On my son’s first day of 3rd grade last month, I stayed to watch in the morning with the other parents, as the kids met their new teacher and over breakfast, he gave us an overview of what the kids would be learning throughout the year.
I was standing next to my friend Eve, whose daughter is in the class.
Our eyes met for a brief moment, as we watched our children dive into their school breakfast. Both of us, without even having to speak, knew what each was thinking: how many grams of sugar do you think are in this one, little, breakfast? I calculated in my head about 70 grams, if my son was to eat all of it.
There was the chocolate milk one could choose.
There was the flavored yogurt.
The graham crackers (that were actually cookies).
And the cereal.
Thankfully my son chose the white milk, and didn’t eat all his breakfast because he’s a very slow eater, but that’s another story…
Eve spent a full year avoiding sugar, along with her family, blogged about it, and wrote a book about it that will be published soon. I have an interest in sugar because over the past 5 years, I have become an evangelist about my own diet. Constantly monitoring what I eat, weeding out the bad, and adding foods I think will benefit my health. Also, I continually assess whether my current diet works well alongside my fitness goals. I wrote a post earlier this year called My Food Evolution, about how my current philosophy towards food originated.
I read a ton of labels.
Avoid added sugar and sodium.
And if I can make something myself, I will. The less processed, the better.
My son has a food allergy, as many of you know, I just wrote a long post about it. It’s really difficult for him to eat out, we always bring our own food to ensure his safety, and I know that gets a little boring for him. But at school, the cafeteria is nut-free and finally offers him a chance to eat something other than what I give him. He feels included. And can eat safely. He often will try a new food at school, let me know about it, and I can try to recreate my own version at home. Because of the positives, I didn’t get too hung up on the fact that the foods he ate at school might not be the same quality as what we have at home, because it was only 5 meals a week. It seemed like a good compromise.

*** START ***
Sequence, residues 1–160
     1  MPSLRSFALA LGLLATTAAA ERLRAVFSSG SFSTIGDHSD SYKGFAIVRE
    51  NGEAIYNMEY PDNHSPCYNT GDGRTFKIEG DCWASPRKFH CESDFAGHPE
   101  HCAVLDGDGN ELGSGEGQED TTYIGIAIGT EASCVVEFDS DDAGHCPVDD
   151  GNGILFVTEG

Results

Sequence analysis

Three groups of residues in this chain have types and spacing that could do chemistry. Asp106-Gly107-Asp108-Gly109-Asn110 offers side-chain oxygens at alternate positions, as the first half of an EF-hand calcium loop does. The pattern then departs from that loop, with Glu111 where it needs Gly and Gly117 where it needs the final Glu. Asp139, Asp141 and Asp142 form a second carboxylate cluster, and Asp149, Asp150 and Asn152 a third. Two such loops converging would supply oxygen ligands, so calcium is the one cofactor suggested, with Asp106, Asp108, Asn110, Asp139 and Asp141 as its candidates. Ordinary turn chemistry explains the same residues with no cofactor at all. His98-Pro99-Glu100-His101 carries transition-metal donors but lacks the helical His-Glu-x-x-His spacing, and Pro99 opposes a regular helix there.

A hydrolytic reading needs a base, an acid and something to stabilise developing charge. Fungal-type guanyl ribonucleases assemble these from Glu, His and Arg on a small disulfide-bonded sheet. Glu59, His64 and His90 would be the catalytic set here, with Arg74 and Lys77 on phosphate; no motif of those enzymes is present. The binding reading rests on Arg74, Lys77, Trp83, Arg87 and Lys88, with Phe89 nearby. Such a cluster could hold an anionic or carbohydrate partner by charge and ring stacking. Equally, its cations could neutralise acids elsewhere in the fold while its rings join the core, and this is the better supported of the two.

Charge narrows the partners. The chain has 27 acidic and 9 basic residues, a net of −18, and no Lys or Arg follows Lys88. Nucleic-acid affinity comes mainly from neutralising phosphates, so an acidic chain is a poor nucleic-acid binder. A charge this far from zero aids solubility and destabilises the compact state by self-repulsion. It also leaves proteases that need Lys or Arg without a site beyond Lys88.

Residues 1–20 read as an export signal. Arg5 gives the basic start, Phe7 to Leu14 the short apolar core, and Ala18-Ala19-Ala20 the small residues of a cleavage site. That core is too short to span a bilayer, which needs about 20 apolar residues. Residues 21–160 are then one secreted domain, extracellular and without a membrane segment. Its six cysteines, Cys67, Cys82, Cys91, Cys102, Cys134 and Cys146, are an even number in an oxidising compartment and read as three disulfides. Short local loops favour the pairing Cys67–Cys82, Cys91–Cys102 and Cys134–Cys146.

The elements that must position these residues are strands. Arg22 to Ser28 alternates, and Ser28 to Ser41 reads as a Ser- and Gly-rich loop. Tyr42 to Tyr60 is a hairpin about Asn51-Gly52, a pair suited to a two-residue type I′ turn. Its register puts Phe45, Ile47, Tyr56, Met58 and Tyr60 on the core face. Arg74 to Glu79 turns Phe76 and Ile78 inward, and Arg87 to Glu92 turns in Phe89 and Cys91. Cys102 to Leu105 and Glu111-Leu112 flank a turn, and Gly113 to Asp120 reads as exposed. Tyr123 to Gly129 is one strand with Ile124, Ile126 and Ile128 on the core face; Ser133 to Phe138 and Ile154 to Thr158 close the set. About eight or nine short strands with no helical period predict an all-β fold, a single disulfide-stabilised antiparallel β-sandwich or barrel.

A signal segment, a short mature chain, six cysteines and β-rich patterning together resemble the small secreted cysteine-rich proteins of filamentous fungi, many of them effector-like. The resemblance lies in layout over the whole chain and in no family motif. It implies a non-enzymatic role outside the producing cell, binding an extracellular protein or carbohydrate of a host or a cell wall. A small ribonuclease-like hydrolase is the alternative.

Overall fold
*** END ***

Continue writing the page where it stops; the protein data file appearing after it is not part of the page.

I am ashamed to admit since making this decision as a parent, allowing him to have school lunch, rather than make it at home, I never really re-evaluated the fact that since kindergarten, he’s been eating breakfast there too. No longer 5 meals a week, now 10.
And I never really looked at the menu consistently. I recall glancing once or twice thinking: fruit, cereal, milk…sounds healthy enough, right?
But until I saw that breakfast at school in person, the realities of this decision, or non-decision, became more clear. My child is not one of those kids who sits nicely at his desk and raises his hand to be called. He’s the one who is hanging off his chair. He’s the one blurting out answers to every question. He’s the one swaying back and forth into everyone’s space. And last year, he complained often about how tough it was to stay focused in math, right after breakfast.
He is a powerful little force, on the move…
It didn’t once occur to me that the food he ate prior to his lessons might be an issue.
When I learned about this sit-still-during-math problem, we started to do “jump around” time in the mornings, before school, and we have kept it going this year. Some days when it’s nice out we take a few laps up and down our steep driveway. Sometimes we will run down to the river and back. If the weather is bad, we throw all the couch pillows on the floor and do a few rounds of “pillow hopping”. We do a few squats. Stretches. Waking up the arms and legs. Sometimes we only have 10 minutes, but it appears to help.
I read a book earlier this year by John Ratey called: Spark, about exercise and the effects on the brain, because of my own interest in exercise and fitness. I know the fact that I incorporate formal exercise and lots of movement into my own day, I feel so much better. I’m less anxious. I’m more calm. After a session, I’m centered on the task at hand, no questions asked; where I’m jumpy and always feel the need to stretch or move around if I wait until later in the day. But my takeaway, aha moment, after reading the book, centered around what I need to do with my son. The book described a fitness experiment in a school in Naperville, Illinois, clearly proving, in the form of measured grade improvements, how much better kids are able to focus and learn when they participate in “fitness” time first thing in the morning.
I hadn’t thought much about school food or his fidgety tendencies for a week or so, he came home happy everyday and said he loved school. And I was elated to finally have a few moments to myself to breathe, to enjoy some late summer hikes, and to have some moments to myself to figure out my personal goals.